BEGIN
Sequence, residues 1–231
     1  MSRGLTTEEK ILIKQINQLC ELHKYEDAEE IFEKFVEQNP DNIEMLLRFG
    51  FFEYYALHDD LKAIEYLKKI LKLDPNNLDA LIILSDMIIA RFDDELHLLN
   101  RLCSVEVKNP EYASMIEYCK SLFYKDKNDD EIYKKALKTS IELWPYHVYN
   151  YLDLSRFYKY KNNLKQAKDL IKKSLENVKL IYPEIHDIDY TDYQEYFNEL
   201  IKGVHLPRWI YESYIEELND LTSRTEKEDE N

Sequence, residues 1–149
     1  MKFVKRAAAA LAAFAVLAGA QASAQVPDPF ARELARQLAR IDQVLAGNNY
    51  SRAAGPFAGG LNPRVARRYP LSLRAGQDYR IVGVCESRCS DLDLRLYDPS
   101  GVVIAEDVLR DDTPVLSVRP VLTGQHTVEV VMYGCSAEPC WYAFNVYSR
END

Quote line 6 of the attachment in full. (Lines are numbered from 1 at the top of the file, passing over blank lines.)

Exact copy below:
   201  IKGVHLPRWI YESYIEELND LTSRTEKEDE N